Saving for Your First Retirement Savings Plan? Talk to HR
Amanda / 8 Dec 2017 / Retirement Trends
Participating in your first retirement savings plan can seem overwhelming and may stir up a whirlwind of questions. Remember: even though getting started can be difficult, you are taking an important step in investing for your future.
As you navigate your company’s retirement benefits, talking with your Human Resources (HR) person, department, or whoever is managing your company’s plan, is your best place to start.
For some insight on how your HR department can help you get your savings plan in gear, we sat down with our own HR people here at Ubiquity Retirement + Savings.
Q: Does being overwhelmed prevent individuals from enrolling in retirement plans? Are there any other reasons why people don’t enroll?
A: It’s not necessarily that employees feel overwhelmed with choices, but rather, depending on their age, they feel overwhelmed with their financial situation and obligations. Employees just now entering the workforce have always heard they need to save for retirement. But because that date is so far in the future, many don’t feel it’s the proper savings vehicle, especially when they may have student loans to pay off, for example.
It’s hard to conceptualize an event that is 30 to 40 years in the future. For people in the middle of their careers, it’s almost a no-brainer that you must establish retirement savings. Depending on your financial situation, saving any amount from your paycheck can be difficult. Still, most people who are GenX and Y know they need to open a 401k sooner than later. Probably the biggest reason for not enrolling is the lack of extra funds. If someone is living paycheck to paycheck, there isn’t much to save.
Q: What’s the best way for employees to learn their options for retirement savings vehicles at their company?
A: The best way would be to ask their HR department, or if they are at a small business, to approach the owner or person responsible for payroll and benefits. At companies with dedicated HR departments, it’s important to continually remind employees of this benefit. Having a “benefits fair” is a great way to educate and publicize the options available to employees. If an employee learns there isn’t a retirement plan available, I would encourage them to educate their HR department or company owner on how these plans benefit the company. Retirement plans attract and retain talent, and the associated tax savings almost entirely cover any additional costs.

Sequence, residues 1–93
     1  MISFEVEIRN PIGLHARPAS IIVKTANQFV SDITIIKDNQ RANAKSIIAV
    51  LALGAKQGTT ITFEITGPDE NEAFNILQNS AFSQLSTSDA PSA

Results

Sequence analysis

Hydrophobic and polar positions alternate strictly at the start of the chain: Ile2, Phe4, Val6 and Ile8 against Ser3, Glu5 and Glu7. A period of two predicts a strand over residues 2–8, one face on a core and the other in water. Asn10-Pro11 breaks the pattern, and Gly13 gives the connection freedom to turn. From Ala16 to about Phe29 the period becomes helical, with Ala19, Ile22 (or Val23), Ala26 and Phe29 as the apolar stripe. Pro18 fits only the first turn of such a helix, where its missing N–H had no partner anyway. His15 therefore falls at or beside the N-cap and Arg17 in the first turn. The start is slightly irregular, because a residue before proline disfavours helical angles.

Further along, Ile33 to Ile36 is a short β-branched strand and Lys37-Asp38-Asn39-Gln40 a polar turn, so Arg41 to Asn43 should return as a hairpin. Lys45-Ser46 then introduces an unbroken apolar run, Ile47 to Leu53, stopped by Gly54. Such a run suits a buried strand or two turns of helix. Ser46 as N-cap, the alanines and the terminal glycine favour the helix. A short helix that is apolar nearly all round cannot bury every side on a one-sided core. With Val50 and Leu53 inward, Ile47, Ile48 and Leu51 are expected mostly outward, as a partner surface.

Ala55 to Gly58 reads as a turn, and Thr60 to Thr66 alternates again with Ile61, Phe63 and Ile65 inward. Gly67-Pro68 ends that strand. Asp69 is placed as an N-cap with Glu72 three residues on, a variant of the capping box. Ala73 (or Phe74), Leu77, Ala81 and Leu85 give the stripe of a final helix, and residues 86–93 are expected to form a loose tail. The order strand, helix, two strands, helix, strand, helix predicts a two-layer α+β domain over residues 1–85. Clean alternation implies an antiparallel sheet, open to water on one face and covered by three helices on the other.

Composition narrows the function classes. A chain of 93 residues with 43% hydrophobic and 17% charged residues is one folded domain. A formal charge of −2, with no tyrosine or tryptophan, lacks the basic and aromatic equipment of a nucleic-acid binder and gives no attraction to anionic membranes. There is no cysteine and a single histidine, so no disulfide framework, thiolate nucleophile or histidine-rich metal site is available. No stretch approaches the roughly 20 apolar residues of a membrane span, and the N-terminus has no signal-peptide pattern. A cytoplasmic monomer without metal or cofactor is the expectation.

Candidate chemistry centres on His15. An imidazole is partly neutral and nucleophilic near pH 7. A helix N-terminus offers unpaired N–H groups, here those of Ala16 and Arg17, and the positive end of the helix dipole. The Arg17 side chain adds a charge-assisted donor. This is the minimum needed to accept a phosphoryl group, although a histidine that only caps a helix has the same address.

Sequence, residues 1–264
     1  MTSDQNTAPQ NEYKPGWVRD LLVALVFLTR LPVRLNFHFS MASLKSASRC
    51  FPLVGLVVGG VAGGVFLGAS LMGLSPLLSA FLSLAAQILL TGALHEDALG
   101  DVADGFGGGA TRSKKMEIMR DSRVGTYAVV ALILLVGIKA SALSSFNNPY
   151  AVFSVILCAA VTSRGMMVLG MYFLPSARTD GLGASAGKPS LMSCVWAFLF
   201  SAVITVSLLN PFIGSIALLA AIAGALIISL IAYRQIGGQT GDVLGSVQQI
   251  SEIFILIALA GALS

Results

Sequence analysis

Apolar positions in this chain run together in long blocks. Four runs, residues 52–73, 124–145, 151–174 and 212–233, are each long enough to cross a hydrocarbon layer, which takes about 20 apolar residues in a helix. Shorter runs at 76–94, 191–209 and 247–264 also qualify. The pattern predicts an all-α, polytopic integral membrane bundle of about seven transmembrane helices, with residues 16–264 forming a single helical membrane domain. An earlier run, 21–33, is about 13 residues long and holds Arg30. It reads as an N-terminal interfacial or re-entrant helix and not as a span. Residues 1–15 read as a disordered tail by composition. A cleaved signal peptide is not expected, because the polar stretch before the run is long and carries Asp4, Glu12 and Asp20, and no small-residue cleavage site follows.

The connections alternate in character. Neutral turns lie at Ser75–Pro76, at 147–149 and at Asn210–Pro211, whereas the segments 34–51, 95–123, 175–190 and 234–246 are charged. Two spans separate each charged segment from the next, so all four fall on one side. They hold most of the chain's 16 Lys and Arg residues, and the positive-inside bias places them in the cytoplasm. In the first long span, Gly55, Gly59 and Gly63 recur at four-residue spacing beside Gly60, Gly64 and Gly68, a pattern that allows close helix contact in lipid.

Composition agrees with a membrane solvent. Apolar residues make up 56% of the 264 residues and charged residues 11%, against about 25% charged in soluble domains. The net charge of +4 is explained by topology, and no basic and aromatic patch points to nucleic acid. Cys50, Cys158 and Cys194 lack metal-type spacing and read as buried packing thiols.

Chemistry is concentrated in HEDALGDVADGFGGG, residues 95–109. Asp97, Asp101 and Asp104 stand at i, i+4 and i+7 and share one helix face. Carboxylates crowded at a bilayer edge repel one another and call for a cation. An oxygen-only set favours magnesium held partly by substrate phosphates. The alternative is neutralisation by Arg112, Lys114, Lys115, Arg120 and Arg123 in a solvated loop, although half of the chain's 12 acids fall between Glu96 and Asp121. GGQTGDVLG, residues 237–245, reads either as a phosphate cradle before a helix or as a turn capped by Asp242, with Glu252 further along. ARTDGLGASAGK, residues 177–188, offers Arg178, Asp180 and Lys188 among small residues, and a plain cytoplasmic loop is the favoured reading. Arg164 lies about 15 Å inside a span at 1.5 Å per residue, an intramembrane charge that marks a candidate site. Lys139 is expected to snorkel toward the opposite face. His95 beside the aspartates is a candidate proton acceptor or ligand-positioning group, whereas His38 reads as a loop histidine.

Q: If an employee is new to a company, how should they approach HR to inquire about retirement benefits?
A: A good HR practice is always to have information on benefits available to employees and to go over this at orientation or in new hire meeting. A lot of established companies have defined new hire orientations and a section on benefits is part of that.
However, even at a smaller firm, you still have an onboarding meeting where you have to complete administrative paperwork. If an employee doesn’t notice any information on retirement when completing this new hire paperwork, that would be the time to ask.
Q: If an employee is not currently enrolled in a retirement savings plan, how can they get started?
A: First, look at your paycheck and current financial obligations to determine what percentage of your income you can save. Then, speak to your plan sponsor and find out when you can start contributing. It’s important to remember that it’s not a direct calculation where if you decide to save $200 per paycheck your net check is automatically $200 less. With the tax benefit, you are getting taxed less, so your net paycheck might only be $150 less.
Q: Why are company match programs especially important when choosing an employer?
A: Two words: FREE MONEY! That match is so important because it’s literally free money that is going into your savings vehicle. At a minimum, you should always contribute as much as your company will match, otherwise you are leaving cash on the table.